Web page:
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Christchurch teen Ben Brown jailed after arson attack on home of 83-year-old

A FRAIL 83-year-old widow had to flee her home after it was set alight by a teenager who went on the rampage after smoking cannabis.

Ben Brown had “effectively smoked” himself “into a psychosis”, said a judge at Bournemouth Crown Court, before carrying out an arson attack at the Christchurch pensioner’s bungalow.

The court heard how Brown, then aged 19, threw a lump of concrete through the pensioner’s bedroom window then set her curtains alight on the evening of 21st March 2021.

Ben Brown
Ben Brown

Prosecutor Christopher Wing told how she heard a sound then smelt smoke and her fire alarm went off.

Although she could only move about with a walking frame, she managed to make it out of her home.

The fire had resulted in an £180,000 insurance claim, nearly £130,000 for the repair of the bungalow and over £50,000 for contents including “irreplaceable photos and jewellery”.

Brown was sentenced at Bournemouth Crown Court
Brown was sentenced at Bournemouth Crown Court

The court heard the victim was forced to move 13 times during the time it took to repair her home.

Mr Wing said the pensioner had told police that after the attack she had gone into a “deep, deep depression” adding: “I am a bundle of nerves and I am so frightened of everything.”

Judge Jonathan Fuller KC interjected Mr Wing to exclaim: “If she had been in bed, goodness knows what would have happened; if she had been asleep she could have been killed.”

Brown had committed his arson attack after first throwing rocks through the windscreen and rear window of an Audi Q5 parked on Martins Hill Lane, Burton, at around 7.20pm causing over £500 worth of damage.

The defendant of Treebys Close, Christchurch, then went to a house on the same road half an hour later and threw a lump of concrete through the lounge window.

Mr Wing said a woman sitting on a sofa in the bay window was “nearly hit” by it.

Brown then launched his attack on the widow’s home before then throwing a rock through the side window of an Audi TT car also parked on Martins Hill Lane.

Witnesses gave police a description of Brown and the fact that he was riding a blue bike. Officers found him still in the area.

Brown later told police he believed the people living in the homes he attacked, and also the owners of the cars he vandalised, had killed his dog.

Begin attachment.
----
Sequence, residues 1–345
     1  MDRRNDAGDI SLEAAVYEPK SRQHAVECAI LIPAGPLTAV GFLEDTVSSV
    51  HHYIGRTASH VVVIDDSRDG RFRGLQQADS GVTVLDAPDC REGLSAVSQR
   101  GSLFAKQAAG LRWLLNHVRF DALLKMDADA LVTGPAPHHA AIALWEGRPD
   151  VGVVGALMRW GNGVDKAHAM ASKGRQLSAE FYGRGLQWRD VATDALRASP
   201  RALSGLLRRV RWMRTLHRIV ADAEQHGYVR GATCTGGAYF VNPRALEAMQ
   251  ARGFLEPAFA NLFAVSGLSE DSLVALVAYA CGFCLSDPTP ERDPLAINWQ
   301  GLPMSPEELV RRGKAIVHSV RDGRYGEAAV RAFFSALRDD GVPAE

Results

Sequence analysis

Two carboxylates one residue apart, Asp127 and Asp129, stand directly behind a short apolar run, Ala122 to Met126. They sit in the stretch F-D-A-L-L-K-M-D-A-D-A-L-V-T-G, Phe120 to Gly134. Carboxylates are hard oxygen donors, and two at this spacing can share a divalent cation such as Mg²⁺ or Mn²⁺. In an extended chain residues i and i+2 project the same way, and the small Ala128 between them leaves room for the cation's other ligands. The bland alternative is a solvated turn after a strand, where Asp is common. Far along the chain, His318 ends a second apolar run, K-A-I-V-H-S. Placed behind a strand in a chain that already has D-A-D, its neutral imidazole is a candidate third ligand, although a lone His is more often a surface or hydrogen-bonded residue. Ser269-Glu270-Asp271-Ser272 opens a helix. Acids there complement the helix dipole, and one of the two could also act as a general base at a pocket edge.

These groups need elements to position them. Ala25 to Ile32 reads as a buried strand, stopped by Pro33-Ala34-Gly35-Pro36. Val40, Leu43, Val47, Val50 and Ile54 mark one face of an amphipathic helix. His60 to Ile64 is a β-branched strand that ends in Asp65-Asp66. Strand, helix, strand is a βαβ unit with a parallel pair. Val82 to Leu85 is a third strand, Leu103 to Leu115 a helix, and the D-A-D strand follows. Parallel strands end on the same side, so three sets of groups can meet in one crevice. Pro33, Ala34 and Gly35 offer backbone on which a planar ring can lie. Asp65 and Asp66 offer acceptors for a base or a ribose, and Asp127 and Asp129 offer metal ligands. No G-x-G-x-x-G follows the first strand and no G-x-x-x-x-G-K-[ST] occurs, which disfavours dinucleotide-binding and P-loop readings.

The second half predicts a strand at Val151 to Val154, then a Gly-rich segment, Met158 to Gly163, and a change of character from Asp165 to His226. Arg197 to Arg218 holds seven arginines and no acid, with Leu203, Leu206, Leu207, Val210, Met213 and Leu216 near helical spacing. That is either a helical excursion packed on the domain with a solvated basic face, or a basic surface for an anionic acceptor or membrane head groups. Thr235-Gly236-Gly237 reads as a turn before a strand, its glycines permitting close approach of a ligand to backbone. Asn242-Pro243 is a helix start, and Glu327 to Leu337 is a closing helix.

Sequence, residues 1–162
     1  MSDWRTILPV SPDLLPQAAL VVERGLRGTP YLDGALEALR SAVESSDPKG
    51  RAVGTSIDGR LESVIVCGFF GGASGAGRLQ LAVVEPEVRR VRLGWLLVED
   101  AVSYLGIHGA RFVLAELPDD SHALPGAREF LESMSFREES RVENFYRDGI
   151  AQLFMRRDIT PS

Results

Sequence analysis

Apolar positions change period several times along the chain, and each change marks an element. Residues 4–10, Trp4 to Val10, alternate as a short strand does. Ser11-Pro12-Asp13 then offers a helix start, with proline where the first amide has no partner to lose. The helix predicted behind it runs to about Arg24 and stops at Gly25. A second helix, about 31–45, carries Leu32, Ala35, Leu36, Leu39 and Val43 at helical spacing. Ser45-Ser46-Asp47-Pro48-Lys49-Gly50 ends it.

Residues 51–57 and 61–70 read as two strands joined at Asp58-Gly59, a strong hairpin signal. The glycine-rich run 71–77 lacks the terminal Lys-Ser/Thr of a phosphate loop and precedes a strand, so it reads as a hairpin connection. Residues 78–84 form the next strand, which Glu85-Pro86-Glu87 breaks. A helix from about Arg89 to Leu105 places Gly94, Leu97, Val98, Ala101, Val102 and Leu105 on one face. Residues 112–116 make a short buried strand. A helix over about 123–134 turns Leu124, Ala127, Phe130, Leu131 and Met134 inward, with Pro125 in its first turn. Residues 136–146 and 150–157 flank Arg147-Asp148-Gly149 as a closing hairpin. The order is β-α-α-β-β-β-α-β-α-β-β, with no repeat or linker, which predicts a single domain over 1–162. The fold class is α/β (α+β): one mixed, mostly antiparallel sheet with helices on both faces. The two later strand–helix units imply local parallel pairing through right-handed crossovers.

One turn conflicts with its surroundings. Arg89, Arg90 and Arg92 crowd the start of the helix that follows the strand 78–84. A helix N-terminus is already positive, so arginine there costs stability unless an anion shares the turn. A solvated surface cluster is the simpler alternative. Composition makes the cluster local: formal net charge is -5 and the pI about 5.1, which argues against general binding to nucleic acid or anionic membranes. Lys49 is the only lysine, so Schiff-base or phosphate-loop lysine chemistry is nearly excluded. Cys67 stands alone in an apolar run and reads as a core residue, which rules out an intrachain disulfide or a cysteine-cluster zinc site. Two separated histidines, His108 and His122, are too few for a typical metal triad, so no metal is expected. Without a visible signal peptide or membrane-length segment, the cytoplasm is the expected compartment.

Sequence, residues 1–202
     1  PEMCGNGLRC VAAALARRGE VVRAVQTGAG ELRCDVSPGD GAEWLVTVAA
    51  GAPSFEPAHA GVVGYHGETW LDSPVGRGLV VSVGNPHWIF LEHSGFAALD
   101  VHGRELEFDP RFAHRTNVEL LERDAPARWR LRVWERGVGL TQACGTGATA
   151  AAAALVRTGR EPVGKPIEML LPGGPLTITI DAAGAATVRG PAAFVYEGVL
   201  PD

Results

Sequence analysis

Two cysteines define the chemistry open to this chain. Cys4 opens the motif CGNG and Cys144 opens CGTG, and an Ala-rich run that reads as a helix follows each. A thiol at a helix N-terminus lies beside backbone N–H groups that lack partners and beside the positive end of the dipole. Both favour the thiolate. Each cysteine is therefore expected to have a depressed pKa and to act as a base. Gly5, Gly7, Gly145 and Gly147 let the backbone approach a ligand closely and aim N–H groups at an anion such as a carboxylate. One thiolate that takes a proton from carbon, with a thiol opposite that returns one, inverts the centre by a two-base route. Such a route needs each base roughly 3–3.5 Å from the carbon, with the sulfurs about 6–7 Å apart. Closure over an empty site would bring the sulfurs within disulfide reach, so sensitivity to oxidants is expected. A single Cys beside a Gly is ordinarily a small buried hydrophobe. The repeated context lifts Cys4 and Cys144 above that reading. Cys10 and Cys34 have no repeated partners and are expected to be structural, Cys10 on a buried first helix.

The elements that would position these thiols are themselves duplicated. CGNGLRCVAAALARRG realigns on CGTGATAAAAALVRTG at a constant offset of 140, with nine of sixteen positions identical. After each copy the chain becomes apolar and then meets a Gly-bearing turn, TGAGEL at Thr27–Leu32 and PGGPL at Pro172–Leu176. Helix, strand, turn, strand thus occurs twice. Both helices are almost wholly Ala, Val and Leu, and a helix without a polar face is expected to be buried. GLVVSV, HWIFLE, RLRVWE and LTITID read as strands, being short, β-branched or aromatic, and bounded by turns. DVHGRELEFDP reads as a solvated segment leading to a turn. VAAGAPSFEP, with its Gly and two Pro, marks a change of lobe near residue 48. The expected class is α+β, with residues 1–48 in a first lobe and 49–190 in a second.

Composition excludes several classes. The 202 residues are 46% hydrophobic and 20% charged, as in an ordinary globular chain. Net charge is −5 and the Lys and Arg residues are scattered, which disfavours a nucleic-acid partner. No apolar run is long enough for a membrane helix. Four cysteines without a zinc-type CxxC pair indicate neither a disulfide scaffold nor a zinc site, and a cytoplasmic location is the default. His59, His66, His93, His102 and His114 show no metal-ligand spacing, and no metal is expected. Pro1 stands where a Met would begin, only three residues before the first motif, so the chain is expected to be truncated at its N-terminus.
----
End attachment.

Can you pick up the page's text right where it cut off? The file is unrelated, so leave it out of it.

Several psychiatrists who examined him after his arrest found he had been suffering a psychotic episode brought on by cannabis use.

He was charged with arson and three offences of criminal damage. The court heard he had first denied the charges but had changed his plea before appearing at magistrates’ court.

Defence barrister Lucy Conroy said Brown had used the drug to “self-medicate” his mental health problems.

He had suffered a “tumultuous” upbringing, she added, revealing that after separating from his father, Brown’s mother had taken him and his siblings to his house for a visit then “never came to pick them up”.

She said medical experts had concluded Brown’s prolonged use of cannabis, which he had been smoking since he was 14, had caused his psychosis on the day of the attacks.

Talking about his victims she said: “He did not set out to hurt them. He is a young man who was not in his right mind.”

But sentencing Brown, Judge Fuller pointed out the defendant had told a probation officer he did not want to quit cannabis and wanted to be prescribed the drug, saying it “keeps him on an even keel”.

He added: “If he ups his cannabis use he is likely to become psychotic, he does present a risk.”

Talking about the offences, he said that Brown in a “rage” had “decided to take out his anger out in a number of ways”.

Jailing Brown to four years for the arson attack, the judge said when he was released he would be subject to an 18-month extended period of licence.

On the charges of criminal damage, he was jailed for three months on each, to run concurrently.

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